It’s amazing what you can find online if you look, and there is no better example than the following story that was pieced together by members of the Vintage Fashion Guild.
It all started with a discussion over the date of an Edwardian orange opera cloak. The maker’s label “E O’Donovan” was familiar to Hollis of Past Perfect vintage because of another dress with the same label she sold a few years earlier. After some googling, it was discovered that Eleanor (aka Ellen) O’Donovan was born in Canada in 1852 and had moved to the States by 1870 to work as a domestic in upstate New York. By 1880 she was married to a Jeremiah (aka Jerry) O’Donovan. He ran a dry goods shop and she worked as a dressmaker. Her unmarried sister Margaret O’Brien lived with them, most likely working alongside her sister as a dressmaker.
In the 1898 memoir of convicted Irish Fenian leader Jeremiah O’Donovan Rossa, the late Jerry O’Donovan is thanked for his help and support. Rossa also mentions Leo and Alfred, Jerry and Ellen O’Donovan’s two sons, who were studying at Fordham College, as well as Madame O’Donovan of No. 37 West 36th street, New York. An 1894 dress in the collection of the Metropolitan Museum of Art bears a label with this address. Ellen opened her own shop in about 1889, and it seems her sister Margaret opened a shop soon thereafter. A purple silk and lace bodice from the turn of the century is in the collection of the Charleston Museum with the label “M O’Brien – Robes – 266 West 38th St. N.Y.”
By 1909 Ellen O’Donovan had met her second husband Robert McNamara. Retaining the O’Donovan name for her business, Ellen employed her son Alfred to manage a more upscale 5th avenue location for her shop. That same year, a U.S. customs investigation caught Ellen, Alfred, and Margaret in a ring of French fashion smuggling: “A wholesale roundup of importers of gowns, laces, silks, and millinery, together with other persons involved in the smuggling frauds uncovered on the piers of the American Line and the Red Star Line last Spring, was begun yesterday by the United States Attorney Henry A. Wise… Following are those arrested here yesterday:… Alfred J. O’Donovan, of 381 Fifth Avenue, released on $1,500 bail; Ellen McNamara, alias Ellen O’Donovan, and Margaret J. Smith of 37 West Thirty-sixth Street, released on $1,500 bail each.”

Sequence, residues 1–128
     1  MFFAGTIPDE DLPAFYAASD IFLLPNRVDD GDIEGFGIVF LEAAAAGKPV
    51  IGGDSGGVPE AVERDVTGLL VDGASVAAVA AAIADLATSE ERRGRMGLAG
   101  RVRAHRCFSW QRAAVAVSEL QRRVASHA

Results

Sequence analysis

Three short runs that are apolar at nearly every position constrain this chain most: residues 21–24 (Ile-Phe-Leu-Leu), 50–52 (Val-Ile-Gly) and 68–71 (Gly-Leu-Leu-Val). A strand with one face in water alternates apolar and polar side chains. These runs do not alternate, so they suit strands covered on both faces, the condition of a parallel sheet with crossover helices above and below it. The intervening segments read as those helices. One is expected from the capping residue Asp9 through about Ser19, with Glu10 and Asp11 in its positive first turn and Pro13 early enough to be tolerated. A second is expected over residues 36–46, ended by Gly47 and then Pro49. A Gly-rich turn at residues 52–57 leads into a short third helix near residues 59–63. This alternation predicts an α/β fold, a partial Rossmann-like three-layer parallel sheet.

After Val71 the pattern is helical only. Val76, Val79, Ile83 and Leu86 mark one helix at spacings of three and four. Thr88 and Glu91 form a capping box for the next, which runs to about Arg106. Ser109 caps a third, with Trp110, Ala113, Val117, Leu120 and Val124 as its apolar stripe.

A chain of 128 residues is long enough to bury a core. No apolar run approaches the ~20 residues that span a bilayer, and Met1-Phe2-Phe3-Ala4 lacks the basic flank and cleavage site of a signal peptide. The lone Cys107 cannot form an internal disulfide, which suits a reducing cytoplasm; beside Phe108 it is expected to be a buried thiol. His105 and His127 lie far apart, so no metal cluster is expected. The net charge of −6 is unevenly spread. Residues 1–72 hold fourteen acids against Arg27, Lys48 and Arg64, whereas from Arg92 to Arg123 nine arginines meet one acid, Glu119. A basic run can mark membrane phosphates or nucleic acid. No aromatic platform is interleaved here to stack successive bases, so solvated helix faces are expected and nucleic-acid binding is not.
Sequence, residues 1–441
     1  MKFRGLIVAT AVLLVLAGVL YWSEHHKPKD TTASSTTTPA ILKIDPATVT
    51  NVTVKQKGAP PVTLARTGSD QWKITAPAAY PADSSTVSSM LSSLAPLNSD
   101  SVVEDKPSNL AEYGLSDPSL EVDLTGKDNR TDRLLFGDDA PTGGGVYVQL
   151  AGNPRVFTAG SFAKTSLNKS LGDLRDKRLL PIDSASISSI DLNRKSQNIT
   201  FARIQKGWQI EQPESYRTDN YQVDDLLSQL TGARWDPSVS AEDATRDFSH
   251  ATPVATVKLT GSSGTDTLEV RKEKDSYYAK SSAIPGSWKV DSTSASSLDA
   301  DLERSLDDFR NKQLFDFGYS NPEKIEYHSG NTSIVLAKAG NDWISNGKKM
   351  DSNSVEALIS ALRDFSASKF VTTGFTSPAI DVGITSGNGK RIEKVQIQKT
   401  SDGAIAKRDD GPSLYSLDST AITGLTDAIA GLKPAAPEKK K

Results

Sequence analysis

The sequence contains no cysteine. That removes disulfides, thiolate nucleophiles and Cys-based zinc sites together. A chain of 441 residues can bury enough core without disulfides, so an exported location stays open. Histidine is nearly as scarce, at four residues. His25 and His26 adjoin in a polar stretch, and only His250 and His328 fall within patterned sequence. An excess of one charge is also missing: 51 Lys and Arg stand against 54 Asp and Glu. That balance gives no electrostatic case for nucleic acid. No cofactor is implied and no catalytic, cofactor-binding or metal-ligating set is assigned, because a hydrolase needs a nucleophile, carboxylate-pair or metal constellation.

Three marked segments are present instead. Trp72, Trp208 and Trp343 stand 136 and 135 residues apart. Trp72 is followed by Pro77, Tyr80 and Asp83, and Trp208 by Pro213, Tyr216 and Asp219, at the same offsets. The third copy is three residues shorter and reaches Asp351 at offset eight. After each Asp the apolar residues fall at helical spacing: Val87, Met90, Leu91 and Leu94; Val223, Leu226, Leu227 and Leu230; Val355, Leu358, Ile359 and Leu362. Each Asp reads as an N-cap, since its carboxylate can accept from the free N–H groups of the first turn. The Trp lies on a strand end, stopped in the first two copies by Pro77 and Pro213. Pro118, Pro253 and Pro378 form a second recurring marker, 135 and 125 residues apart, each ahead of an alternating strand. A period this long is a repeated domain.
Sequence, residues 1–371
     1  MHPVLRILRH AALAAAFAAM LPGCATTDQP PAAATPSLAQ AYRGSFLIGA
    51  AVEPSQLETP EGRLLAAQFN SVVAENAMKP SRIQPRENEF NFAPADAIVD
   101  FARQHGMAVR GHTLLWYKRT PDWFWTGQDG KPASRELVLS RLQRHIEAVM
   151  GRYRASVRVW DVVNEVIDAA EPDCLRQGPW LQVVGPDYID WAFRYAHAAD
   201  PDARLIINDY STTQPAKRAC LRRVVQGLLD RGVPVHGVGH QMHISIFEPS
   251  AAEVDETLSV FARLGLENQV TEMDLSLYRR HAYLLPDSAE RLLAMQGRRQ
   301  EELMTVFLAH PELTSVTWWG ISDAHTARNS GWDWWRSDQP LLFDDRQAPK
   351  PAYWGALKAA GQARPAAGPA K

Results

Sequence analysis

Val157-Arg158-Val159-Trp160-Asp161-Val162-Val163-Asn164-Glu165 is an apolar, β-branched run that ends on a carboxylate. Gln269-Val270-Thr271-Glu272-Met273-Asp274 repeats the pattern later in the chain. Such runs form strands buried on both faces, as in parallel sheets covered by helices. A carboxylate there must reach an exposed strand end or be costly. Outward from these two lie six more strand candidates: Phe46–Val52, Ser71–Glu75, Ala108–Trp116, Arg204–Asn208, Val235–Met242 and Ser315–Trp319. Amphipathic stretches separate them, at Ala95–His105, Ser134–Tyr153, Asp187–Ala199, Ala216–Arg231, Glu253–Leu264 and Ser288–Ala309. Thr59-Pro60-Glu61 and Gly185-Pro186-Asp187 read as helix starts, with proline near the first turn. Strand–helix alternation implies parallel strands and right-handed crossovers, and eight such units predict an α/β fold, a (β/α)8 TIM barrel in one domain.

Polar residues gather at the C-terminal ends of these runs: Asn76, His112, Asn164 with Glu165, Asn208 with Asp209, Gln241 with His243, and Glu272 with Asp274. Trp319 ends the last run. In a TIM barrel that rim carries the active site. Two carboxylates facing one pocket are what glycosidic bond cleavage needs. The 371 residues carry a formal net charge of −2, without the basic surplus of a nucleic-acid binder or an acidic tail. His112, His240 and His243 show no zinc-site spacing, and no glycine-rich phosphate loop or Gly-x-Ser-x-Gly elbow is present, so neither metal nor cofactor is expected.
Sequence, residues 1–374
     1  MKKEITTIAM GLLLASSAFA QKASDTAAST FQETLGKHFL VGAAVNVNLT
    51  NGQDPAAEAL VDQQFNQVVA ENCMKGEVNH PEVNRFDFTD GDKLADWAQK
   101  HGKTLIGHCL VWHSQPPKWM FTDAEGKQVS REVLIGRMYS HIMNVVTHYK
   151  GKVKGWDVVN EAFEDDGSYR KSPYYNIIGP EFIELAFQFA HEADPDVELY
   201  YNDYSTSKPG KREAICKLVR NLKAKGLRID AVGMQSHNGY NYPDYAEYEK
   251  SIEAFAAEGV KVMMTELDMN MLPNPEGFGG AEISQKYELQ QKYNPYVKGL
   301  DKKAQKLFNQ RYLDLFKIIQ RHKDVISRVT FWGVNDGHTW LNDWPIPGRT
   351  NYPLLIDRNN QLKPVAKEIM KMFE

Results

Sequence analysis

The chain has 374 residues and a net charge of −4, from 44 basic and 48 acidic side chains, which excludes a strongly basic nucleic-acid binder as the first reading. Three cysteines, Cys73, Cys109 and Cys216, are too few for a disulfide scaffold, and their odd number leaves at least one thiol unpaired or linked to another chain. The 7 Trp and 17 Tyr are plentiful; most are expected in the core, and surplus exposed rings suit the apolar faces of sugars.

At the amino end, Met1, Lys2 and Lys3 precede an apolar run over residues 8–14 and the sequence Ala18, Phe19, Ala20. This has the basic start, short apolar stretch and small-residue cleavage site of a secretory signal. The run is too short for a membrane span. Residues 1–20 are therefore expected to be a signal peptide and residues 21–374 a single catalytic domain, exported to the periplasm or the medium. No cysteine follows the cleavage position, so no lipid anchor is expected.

Dubbed “The Sleeper Trunk Game”, a consignment of French gowns and other dutiable goods by New York dressmakers was filled by a Paris agent. He would scan the steamship passenger lists, selecting names of Americans who were about to sail for New York on an American or Red Star Line ship, and then pack the consignments into trunks labeled with these culled names. The trunks were sent to the Paris piers too late to be stowed on the passenger’s ship and were instead put onto the next available ship. Once the trunks reached the American and Red Star line pier in New York, a customs agent working with the smuggling ring would whisk the trunks away under the auspices of storing them for the recently returned American passengers to claim, but instead send them onto the New York dressmakers who paid the smugglers 50% of what the duty would have been if everything had been shipped legally. The scam netted an annual loss in fees for customs of about a half million dollars. In one of the last shipments before the crackdown, Eleanor, Alfred and Margaret (as well as other dressmakers) placed an order that was sent under the traveller’s name of Nellie grant, the granddaughter of president Ulysses S. Grant. A week after Nellie Grant sailed from Paris, three trunks were sent on the S.S. Gothland. Upon arrival, the trunks were discovered to contain 231 gowns with a dutiable value of $29,574.30. Despite the scandal, Ellen O’Donovan’s business didn’t seem to outwardly suffer and she remained in business until 1920.
On August 17 1920, Ellen, now twice widowed, was touring the West with her sister and two cousins. They were staying at the Davenport Hotel in Spokane, Washington and planned to leave for Glacier National Park the next morning. Wanting some air before dinner, Ellen took a stroll on a third floor walkway over the glass roof of the lobby court. For no known reason, Ellen fell through the skylight into the lobby. She was carried to a couch where she uttered her last words “Where did I go?” She lost consciousness and died an hour later in her room.
For decades now, guests have reported seeing the spectre of a woman in 1920 period dress peering over the railing of the mezzanine in the lobby of the Davenport hotel – it must be Ellen O’Donovan, New York dressmaker.